It's no surprise that Salvador Dali liked to get creative when it came to finding inspiration for his work. One of his methods involved a key and a tin pan. The artists would get himself to a state of almost falling asleep with a key in one hand and a tin pan just beneath it. When he'd finally dose off, his hand would naturally let go of the key and it would fall on the tin pan causing a loud noise. This would shock him back to consciousness and then he'd try to record the visions he had in the moments between states of consciousness.

Image Source: Wikimedia Commons/Public Domain - Philippe Halsman

Image Source: Wikimedia Commons/Public Domain - Philippe Halsman


LEONARDO DA VINCI

Da Vinci is arguable one of the greatest minds in all of human history. was a painter, an engineer, a writer, a sculptor, an inventor, an architect, a pioneer in exploring human anatomy. There's really nothing that this renaissance man couldn't do. He was so smart that he even found a way to get around sleeping! Yes, sleeping!

Image Source: Wikimedia Commons/Peter K Burian (CC BY-SA 4.0)

Image Source: Wikimedia Commons/Peter K Burian (CC BY-SA 4.0)


NO SLEEP FOR THE GREAT

Indeed, Da Vinci's mind was always on the move. He just had too many ideas and wanted to do so many things that he thought he didn't have enough time to do them. So after careful research and study, he came up with a polyphasic sleep cycle. What this means for us non-geniuses is that he didn't sleep. Instead, he'd take several short naps throughout his day.

Image Source: Wikimedia Commons/Public Domain

Image Source: Wikimedia Commons/Public Domain


MAYA ANGELOU

For folks outside the US, Maya Angelou might be a relatively vague name. She was a distinguished singer, actress, poet, memoirist, and civil rights, activist. She is most famous for her memoir,  'I Know Why the Caged Bird Sings', which made literary history as the first nonfiction bestseller by an African American woman.

Image Source: Wikimedia Commons/Public Domain - Clinton Library

Image Source: Wikimedia Commons/Public Domain - Clinton Library


LITTLE MEAN ROOMS

It's amazing to find out the great lengths artists would put themselves through in order to churn out their masterpiece. Maya Angelou was no exception to this. While working on her books, she would opt to stay in simple and bare hotel rooms instead of being in the comfort of her own house. She felt that the comforts of home were all too distracting.

Image Source: Wikimedia Commons/York College ISLGP (CC BY 2.0)

Image Source: Wikimedia Commons/York College ISLGP (CC BY 2.0)


EDVARD GRIEG

We can bet that you've heard the work of Edvard Greig more than once and you just didn't know it. The Norwegian composer is the mind behind "Morning", it's that delightful symphony that you hear being played in just about every movie, cartoon, or tv show that has a scene with the sun rising. He was a great mind. He was also very superstitious.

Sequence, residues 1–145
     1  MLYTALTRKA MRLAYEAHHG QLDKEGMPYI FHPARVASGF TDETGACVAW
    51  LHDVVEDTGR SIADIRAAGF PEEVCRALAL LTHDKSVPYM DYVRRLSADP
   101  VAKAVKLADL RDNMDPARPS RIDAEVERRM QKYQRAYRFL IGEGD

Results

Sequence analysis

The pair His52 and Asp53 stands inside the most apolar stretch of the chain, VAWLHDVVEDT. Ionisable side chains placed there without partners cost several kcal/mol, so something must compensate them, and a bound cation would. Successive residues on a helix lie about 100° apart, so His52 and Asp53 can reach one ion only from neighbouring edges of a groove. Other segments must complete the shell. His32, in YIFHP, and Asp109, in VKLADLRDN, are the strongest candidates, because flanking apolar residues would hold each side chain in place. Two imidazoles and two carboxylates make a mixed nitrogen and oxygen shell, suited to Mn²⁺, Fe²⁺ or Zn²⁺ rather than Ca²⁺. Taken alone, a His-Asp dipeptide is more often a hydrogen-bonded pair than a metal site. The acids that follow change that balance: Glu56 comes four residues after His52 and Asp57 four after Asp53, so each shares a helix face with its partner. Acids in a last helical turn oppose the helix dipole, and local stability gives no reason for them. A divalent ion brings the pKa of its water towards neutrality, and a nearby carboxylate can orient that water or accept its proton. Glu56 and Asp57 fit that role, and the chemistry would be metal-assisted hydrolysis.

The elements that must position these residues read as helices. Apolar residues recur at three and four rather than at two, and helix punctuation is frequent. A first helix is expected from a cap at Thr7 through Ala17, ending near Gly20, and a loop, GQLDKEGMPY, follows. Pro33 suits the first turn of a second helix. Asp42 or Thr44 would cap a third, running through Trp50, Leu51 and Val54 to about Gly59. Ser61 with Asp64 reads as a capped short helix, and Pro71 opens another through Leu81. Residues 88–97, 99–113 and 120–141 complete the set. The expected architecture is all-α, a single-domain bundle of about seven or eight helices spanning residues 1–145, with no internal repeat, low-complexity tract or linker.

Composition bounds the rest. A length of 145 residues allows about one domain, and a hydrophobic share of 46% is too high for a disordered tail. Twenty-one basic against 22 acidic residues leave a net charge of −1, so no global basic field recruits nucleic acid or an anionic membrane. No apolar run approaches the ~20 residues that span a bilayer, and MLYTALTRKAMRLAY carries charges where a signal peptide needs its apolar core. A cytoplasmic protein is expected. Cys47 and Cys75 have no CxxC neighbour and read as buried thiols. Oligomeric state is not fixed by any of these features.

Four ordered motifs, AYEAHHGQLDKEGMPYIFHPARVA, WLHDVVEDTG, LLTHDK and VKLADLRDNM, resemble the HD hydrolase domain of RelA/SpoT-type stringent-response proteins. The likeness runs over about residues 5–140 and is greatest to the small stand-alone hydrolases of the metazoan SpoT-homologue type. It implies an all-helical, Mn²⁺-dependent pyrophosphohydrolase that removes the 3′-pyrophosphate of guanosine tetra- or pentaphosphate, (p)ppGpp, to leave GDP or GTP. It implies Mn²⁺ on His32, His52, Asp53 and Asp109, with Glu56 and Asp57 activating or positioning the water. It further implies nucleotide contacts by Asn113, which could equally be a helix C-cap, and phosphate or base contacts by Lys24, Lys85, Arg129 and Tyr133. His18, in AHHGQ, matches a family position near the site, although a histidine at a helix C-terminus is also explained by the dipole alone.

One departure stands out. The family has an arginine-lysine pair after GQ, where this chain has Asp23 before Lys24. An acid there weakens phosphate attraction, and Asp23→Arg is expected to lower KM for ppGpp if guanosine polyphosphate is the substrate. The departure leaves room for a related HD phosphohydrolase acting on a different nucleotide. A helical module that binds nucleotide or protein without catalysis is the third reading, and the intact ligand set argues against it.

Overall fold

Image Source: Wikimedia Commons/Public Domain

Image Source: Wikimedia Commons/Public Domain


NO RABBIT'S FOOT FOR HIM

Many cultures around the world have superstitions about luck. Some believe that crickets are lucky, while other cultures believe that a rabbit's foot is lucky too. Edvard Grieg, on the other hand, had a different keepsake that gave him luck. It was a miniature frog. He'd take the frog everywhere he went, even to performances. It worked.

Image Source: Unsplash/Kazuo ota/For Illustrative Purpose

Image Source: Unsplash/Kazuo ota/For Illustrative Purpose


MICHELANGELO

Ah, another great renaissance name. Michelangelo, the artist and not the Teenage Mutant Ninja Turtle, is one of those artists whose works are what the whole of humanity can be proud of. The Sistine Chapel is simply immaculate. Unfortunately for the great work of art, its creator wasn't as much. Here's why.

Image Source: Wikimedia Commons/Public Domain

Image Source: Wikimedia Commons/Public Domain


OH THE IRONY

They say cleanliness is next to godliness. This saying is given a whopping treatment of irony when it comes to Michaelangelo. The Sistine Chapel creator wasn't very hygienic at all. Some accounts even say that he would sleep in the clothes that he wore to work all day. He would also go for weeks without bathing. See the irony now?

Image Source: Unsplash/Calvin Craig

Image Source: Unsplash/Calvin Craig


DEMOSTHENES

Greek philosopher and statesman Demosthenes is known throughout history as one of the ancient world's greatest orators. He was precise, distinct, and persuasive with his words. They are known as the best example of how to deliver a speech if you were born in ancient Greece. How he go this good is where things get weird. 

Image Source: Wikimedia Commons/Sting (CC BY-SA 2.5)

Image Source: Wikimedia Commons/Sting (CC BY-SA 2.5)


AMAZING DEDICATION

Remember, practice makes perfect. And Demosthenes did a ton of practice. As a young man, he shaved off half his hair because he believed that looking ridiculous would convince himself not to go out in public and therefore avoiding procrastinating on his studies. He practiced his speeches with pebbles in his mouth to beat a lisp and rehearsed against the sounds of crashing waves to strengthen volume control. Imagine seeing someone deliver a speech to the open sea, that would be odd, to say the least.